How would you describe your design aesthetic? What elements and/or techniques do you think best represent your passion for letterpress?
Sometimes I have a hard time with this because my style is everywhere. It’s all over the map—I love something that’s totally maximalist, like a ton of color and really pushing the limits in design. And then I also love really restrained, beautiful type on a piece of paper. I think that’s why I started letterpressing, because I just love the look of simple type beautifully impressed on paper. I always joke that it’s funny that I’m known for color, because my first love of letterpress was gray—I wanted to do everything in gray because I thought the letterpress method itself was so pretty. At the end of the day, hopefully it’s all beautiful design that keeps the method in mind. I’m so curious and I always want to push the limits of what can be done. I think my passion is represented in my curiosity and how I’m really driven by exploring different mediums—not just paper and ink.
Your work is heavily influenced by nature, especially the beach and the ocean. What is it about those elements that inspires you to reflect them in what you create?
Oh, I love them! The beach is my happy place. I grew up in Atlanta, Georgia, but I’ve always loved the water. I’m so lucky that I live right by the beach in Manhattan Beach. That’s truly what’s shaped the colors that I love and everything—the colors of the sunset and the colors of the ocean. A lot of the work I do is driven by the landscape of the area, that’s why I love destination weddings! You want to get your guests excited about going to this place. What specifically, besides celebrating your love of course, is there to get pumped about? Is it that it’s going to be a desert location? Then let’s play with the cacti element. Is it going to be in the mountains? Let’s explore that. I’m clearly very affected by my environment. If I lived in Washington state, I’m sure all of my stuff would be greens!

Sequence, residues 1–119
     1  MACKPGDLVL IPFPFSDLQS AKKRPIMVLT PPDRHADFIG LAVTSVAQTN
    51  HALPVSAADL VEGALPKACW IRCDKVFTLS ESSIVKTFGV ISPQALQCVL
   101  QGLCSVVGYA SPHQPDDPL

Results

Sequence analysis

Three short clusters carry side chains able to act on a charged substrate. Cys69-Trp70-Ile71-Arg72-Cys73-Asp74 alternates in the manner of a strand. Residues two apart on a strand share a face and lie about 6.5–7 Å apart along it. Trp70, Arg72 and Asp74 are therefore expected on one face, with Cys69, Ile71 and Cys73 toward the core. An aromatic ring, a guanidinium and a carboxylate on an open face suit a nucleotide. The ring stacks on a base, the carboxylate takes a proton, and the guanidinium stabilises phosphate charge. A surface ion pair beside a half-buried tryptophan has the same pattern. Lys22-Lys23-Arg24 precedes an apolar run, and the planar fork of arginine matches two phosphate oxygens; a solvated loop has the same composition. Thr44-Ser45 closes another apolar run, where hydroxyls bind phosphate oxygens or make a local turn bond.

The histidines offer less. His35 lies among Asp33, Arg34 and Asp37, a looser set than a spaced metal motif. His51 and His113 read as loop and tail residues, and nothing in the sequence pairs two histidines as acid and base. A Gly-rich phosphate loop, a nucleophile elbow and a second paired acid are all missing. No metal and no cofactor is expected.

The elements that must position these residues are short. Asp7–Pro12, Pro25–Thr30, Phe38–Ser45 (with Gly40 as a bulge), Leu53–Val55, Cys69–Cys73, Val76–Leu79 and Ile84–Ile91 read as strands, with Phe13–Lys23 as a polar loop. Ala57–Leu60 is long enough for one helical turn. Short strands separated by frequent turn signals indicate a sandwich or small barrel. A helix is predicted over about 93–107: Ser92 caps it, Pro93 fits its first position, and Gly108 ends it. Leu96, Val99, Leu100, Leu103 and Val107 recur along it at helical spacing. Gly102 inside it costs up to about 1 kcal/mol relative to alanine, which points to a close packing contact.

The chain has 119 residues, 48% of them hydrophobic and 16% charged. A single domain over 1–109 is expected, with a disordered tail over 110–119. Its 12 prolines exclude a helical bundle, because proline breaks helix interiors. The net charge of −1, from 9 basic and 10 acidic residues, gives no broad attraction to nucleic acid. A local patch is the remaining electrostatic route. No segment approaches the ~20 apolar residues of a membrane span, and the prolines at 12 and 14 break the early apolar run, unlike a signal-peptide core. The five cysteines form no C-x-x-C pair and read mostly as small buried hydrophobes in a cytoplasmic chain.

How do you move past creative blocks?
Usually, I have a chat with a client, I get millions of ideas running through my head, I get super pumped about the job, and then I go to put it down on paper and it’s just a block. Nothing is coming out how I want it to and there’s a disconnect there. Or I have nothing. I’m looking at a blank screen and I start to freak out and question if I’m good. And then I finally push through it and once I get going, it happens. I guess you could say the creative process used to “torment” me, but that part where I’m staring at the screen and I think I suck and that I’m not going to be able to do it—now that I know it’s part of the process, I can deal with it better.